We Have Impacted Positively The Lives Of The People


The Chairman of Ejigbo Local Council Development Area, Hon. Kehinde Bamigbetan, bares his mind on provision of infrastructure in the council area, and the journey so far since he assumed office as the second elected chairman of the LCDA in this interview with JAMIU YISA

How has it been since you assumed office as the second elected chairman of this LCDA?
I must say that it has been quite challenging because we started with a campaign manifestoes called VISION three by three in which we outlined what we intended to do with power in three broad categories: infrastructure, human development, physical reports and we itemised what we wanted to achieve in each of these categories. Infrastructure: we said we would rehabilitate 50 roads within the time that we are in office. We promised that we would build a primary school in each of the ward that does not have primary school. We said we would built Health Centres in each ward that does not have. We promised to build customary court and an abattoir to provide revenue for the council.
Under Human Development, we committed ourselves to providing free meals in all public primary schools within the council and free uniforms. We also ensured that there are enough benches and desks for the pupils to sit and write on and no child is sitting on the floor.
The kind of physical reform we promised ourself was to computerised all offices in the council. That we will have a website for the council through which the council will have a window to the whole world and when we came in that was what we did.
We also did house to house campaign and we were on it for almost two years because of the shift in the date of primaries for the chairmanship election and it enabled us to understand the real problems of the people and we recommend that in this environment, the poor in the majority followed by the middle class and the upper class and we promised ourselves that for the environment to progress we need to bring about a policy of wealth creation. When we take the issue free of meal and free uniform out of the challenges of poor parents, it reduces their burden and allows them to have some money to engage in small business and that is our perception of wealth creation. Today in Lagos State and possibly in Nigeria as a whole there is only one LCDA that is providing free meals and customised free school uniforms to its pupils and that LCDA is Ejigbo.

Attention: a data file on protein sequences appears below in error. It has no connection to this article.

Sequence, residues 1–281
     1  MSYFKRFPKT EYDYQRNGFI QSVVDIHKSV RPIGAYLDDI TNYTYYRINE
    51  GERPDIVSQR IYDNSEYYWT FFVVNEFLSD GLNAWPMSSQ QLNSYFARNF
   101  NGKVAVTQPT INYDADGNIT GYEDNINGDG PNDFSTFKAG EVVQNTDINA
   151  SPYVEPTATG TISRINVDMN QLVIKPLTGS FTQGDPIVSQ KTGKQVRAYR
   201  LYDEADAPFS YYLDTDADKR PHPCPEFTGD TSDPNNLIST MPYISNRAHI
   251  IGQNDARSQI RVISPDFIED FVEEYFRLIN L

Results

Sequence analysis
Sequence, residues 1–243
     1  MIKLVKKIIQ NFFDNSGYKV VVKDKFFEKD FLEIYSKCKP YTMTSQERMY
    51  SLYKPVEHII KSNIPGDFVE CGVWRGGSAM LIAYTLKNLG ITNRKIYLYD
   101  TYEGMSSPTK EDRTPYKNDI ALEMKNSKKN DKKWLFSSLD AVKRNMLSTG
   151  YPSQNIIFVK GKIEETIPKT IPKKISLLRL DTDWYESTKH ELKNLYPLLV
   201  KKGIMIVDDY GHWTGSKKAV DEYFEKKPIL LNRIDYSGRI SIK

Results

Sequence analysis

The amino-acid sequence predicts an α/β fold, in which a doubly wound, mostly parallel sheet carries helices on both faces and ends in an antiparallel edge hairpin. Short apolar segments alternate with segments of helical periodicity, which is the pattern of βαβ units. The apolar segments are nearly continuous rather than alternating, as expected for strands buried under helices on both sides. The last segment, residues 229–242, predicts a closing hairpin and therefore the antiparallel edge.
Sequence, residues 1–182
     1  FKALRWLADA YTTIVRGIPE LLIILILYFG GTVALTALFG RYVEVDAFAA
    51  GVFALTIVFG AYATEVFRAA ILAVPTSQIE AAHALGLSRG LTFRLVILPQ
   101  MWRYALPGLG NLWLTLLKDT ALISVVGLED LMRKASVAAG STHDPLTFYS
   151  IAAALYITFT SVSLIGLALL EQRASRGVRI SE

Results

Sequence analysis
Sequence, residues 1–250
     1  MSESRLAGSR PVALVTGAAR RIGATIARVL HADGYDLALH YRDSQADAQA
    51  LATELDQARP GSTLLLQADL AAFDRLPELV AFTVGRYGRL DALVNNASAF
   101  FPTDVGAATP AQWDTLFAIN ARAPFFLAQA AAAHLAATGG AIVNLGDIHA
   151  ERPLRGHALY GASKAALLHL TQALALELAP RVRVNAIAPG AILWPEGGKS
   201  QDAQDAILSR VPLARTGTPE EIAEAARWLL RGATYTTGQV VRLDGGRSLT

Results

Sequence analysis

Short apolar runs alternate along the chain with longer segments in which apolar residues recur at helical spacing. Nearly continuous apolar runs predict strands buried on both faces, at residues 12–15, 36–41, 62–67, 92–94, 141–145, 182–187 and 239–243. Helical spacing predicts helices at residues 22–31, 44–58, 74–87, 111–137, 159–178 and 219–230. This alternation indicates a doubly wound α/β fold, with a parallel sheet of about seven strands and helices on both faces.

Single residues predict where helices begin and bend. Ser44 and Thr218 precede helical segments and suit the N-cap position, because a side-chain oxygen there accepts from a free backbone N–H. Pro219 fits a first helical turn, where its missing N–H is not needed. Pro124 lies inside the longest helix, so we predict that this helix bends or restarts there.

We provided 200 pairs of desks and benches to each of the 90 schools in the LCDA. There is no place even up to the kindergarten level that you will see our pupils sitting on the bare floor in any of our schools. We have gone ahead to ensure that public toilets are provided in each of the school compounds. Right now we are building two new primary schools. One in Aigbaka Ward and another in Allegun Ward.We are also building three new health centres, one at Omo Street, Dauda Ilo and the estate and we hope to expand in the next three months. Already, we have bought land for three more health centres and we are working in partnership with the National Primary Health Care Agency. So by the time we will be leaving what we will have here will be nine health centres that will be catering for a population of 560,000 people.We also make sure that attendance at our health centres is becoming more effective and productive. When we first came in, we found out that the number of patients attending our Primary Health Centre was not more than 55 in a whole month because they will have to pay for card, treatment and drugs. But now that we have dropped the idea of payment off all these, the attendants has been overwhelming. As at last month we recorded over 5,000 patients in our Primary Health Centre to benefit from take these services. These are achievements, issues that we are very happy about.Therefore in terms of health care services, educational services to the primary sector, we believe that we are far ahead of many of our competitors in providing these services. And we also believe when you talk of roads which  has become a major bone here, most of the roads we have here are not tarred roads and cannot function too well in wet conditions. Knowing full well that when the rain comes they will be bad, what we did was that we graded these roads in the dry season so when we enter the dry season like November/December, we will go back to grade them. Am quite sure that by Decmber, most of the roads will be graded again and they will be looking pretty good. We have looked at six roads that we will fix in the next couple of months. So at least the more roads are tarred the more they will not have to depend on the climate for survival.  In short, I believe we have done very well and we can still do more.

In spite of all that you have said, the people still believe that the local governments are under performing. What is your take on this?